Publication Date

1968

Document Type

Dissertation/Thesis

First Advisor

Pecenka, Joseph O.||Andreasen, Haakon L.

Degree Name

M.S. (Master of Science)

Department

Department of Management

LCSH

Race relations--Research

Abstract

The purpose of this study was to identify, compare, and analyze selected economic characteristics of the white and nonwhite populations of the Chicago Standard Metropolitan Statistical Area in order to discover what, if any, differences existed between the two groups. The time periods for which data were sought included the years 1950, 1960, and subsequent years for which data were available. Data was gathered in the main from the 1950 and 1960 Censuses of Population. Additional data for later time periods was sought from a review of related literature, and from the various government offices which produce such data. The facts concerning the economic differentials studied usually required some statistical modification in order 'to present and compare data in the desired manner. Subsequent to this, the data were analyzed from the viewpoint of depicting trends and noting differences between the two groups studied. 1/here appropriate, the statistical technique of testing for significant differences was employed. The following conclusions were made from the findings: 1. There has been no substantial narrowing of the different average incomes of the white and nonwhite populations. The nonwhite population was thus at a greater relative economic disadvantage because of the higher white income. 2. There has been no substantial narrowing of the different unemployment rates of the white and nonwhite populations. This placed nonwhites at a greater relative economic disadvantage because of the lessened opportunity to gain income through employment. 3. Neither the white nor the nonwhite populations were placed at a greater relative economic disadvantage by their civilian labor force participation rates or their underemployment experience. 4. Considering the proportion of total employed workers for each population group, there has been no substantial increase in the per cent of white-collar jobs held by nonwhites. This placed them at a greater relative economic disadvantage because these were generally the highest-paying jobs. 5. Considering the proportion of total employed workers for each population group, there has been no substantial increase in the per cent of jobs in major industries for nonwhites, except for the Personal Services and Public Administration industries. 6. The economic burden of the nonwhite population was greater than that of the white population. This was due to lower educational levels, more dependents to support, more family members to support, and a higher ratio of rent to income. 7. Taken as a whole, the data indicated that the economic differentials between the white and nonwhite populations generally favored the white population. 8. The economic differences found to exist in the Chicago SMSA support the findings made by the National Advisory Commission on Civil Disorders. It was recommended that further study might be worthwhile in the areas of social, psychological, and political behavior differences between whites and nonwhites. Such data would be especially useful for geographic units smaller than states. Finally, the 1970 Census will afford an opportunity to compare trends and findings developed in this study.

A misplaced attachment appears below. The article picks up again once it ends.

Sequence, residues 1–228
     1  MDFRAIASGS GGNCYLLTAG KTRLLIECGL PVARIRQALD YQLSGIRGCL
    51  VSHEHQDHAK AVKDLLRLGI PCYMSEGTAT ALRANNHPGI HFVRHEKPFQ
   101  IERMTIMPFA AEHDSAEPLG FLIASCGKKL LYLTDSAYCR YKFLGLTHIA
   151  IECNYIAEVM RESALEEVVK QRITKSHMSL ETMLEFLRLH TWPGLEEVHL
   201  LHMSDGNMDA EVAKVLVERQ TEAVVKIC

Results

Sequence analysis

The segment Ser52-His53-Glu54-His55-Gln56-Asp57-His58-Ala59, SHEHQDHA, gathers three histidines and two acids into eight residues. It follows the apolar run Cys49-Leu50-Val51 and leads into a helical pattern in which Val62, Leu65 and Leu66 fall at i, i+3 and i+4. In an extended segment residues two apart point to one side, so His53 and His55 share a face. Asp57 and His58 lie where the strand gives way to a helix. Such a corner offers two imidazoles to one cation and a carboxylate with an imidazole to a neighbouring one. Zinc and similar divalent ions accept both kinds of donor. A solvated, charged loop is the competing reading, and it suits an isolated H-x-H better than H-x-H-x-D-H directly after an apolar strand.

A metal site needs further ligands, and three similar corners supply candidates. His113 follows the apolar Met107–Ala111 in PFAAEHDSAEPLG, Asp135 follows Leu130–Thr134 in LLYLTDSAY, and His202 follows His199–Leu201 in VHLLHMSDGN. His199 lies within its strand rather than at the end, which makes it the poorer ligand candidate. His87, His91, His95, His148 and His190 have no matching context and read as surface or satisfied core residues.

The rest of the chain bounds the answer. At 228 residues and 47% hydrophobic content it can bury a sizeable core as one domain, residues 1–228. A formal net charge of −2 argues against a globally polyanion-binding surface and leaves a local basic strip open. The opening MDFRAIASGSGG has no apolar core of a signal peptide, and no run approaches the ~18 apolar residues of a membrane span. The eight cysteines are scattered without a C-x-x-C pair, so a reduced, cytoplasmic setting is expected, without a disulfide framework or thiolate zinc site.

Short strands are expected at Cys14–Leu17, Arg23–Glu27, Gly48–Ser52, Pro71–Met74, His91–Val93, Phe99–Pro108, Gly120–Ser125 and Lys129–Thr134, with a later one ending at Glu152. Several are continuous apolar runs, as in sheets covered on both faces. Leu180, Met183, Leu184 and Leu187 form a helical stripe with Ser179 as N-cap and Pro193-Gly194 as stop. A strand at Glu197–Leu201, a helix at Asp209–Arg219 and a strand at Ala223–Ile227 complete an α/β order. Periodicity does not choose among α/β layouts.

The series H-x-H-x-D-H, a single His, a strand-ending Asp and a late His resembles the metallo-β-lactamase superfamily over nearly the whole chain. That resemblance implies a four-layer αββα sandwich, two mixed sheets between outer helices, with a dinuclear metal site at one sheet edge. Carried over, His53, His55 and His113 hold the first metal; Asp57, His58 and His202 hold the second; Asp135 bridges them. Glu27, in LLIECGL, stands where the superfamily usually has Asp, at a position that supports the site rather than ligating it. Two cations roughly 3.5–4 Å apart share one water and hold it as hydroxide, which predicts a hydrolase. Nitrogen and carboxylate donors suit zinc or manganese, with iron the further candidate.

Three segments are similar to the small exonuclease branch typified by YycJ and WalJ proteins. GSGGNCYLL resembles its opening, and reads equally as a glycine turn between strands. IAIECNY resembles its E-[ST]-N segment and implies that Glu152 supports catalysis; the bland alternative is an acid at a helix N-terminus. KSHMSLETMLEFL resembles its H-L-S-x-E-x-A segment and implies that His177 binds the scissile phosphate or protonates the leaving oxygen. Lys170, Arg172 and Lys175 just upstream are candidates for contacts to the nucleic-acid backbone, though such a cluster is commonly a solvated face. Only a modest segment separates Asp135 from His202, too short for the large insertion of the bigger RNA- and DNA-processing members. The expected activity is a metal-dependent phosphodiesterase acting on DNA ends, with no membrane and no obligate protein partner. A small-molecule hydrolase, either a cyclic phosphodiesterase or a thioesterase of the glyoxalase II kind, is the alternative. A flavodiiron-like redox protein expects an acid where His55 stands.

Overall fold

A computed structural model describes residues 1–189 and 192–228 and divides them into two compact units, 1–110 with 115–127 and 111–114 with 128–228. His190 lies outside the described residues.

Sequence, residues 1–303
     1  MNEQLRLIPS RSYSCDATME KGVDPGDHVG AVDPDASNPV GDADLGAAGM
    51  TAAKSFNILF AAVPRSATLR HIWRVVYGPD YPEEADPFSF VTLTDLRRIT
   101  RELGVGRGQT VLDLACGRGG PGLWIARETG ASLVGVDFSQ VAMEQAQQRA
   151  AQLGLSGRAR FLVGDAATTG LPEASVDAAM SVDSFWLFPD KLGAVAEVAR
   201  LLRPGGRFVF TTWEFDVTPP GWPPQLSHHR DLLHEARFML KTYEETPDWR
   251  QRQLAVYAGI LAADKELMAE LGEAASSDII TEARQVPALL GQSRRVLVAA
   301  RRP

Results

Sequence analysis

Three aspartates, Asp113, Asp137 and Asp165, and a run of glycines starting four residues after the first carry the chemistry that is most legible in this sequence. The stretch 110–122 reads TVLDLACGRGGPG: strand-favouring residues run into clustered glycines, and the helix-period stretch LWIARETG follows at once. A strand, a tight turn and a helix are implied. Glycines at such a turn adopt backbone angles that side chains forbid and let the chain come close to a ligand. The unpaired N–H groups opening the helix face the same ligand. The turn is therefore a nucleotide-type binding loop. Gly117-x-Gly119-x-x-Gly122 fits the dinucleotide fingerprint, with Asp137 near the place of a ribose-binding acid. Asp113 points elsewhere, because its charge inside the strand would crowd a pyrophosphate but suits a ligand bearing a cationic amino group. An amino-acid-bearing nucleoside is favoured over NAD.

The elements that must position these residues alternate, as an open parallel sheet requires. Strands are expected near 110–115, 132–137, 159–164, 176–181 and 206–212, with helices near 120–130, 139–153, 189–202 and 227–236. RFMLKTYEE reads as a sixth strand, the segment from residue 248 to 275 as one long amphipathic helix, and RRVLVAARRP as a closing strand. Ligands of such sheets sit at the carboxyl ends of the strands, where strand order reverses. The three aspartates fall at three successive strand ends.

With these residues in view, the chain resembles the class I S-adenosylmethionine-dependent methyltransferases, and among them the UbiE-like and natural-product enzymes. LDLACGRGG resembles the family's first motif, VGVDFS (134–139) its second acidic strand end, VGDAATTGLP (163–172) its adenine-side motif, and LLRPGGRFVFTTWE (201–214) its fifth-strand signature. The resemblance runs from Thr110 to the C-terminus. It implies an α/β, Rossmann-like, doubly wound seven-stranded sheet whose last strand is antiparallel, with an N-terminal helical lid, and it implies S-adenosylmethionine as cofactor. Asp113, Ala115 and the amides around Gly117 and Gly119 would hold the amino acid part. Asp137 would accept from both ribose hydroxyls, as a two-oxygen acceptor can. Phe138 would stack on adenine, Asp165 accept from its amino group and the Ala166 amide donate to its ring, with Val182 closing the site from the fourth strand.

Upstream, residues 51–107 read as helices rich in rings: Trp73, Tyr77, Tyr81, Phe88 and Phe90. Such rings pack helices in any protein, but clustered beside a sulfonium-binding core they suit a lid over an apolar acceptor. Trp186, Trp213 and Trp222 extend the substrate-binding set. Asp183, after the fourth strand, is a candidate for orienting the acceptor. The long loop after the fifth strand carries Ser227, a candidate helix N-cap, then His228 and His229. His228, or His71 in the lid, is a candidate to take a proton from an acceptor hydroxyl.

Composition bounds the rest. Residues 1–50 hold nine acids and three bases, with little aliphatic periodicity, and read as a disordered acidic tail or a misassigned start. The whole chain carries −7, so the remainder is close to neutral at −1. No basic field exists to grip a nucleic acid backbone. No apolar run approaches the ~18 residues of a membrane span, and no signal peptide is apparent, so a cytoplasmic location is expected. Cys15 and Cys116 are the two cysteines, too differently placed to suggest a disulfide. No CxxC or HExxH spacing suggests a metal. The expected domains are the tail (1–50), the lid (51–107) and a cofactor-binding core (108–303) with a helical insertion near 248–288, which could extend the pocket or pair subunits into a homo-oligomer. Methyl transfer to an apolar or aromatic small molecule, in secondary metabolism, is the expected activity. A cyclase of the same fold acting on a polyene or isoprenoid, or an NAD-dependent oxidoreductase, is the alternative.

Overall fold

Comments

Includes bibliographical references.||Includes illustrations.

Extent

xii, 94 pages

Language

eng

Publisher

Northern Illinois University

Rights Statement

In Copyright

Rights Statement 2

NIU theses are protected by copyright. They may be viewed from Huskie Commons for any purpose, but reproduction or distribution in any format is prohibited without the written permission of the authors.

Media Type

Text

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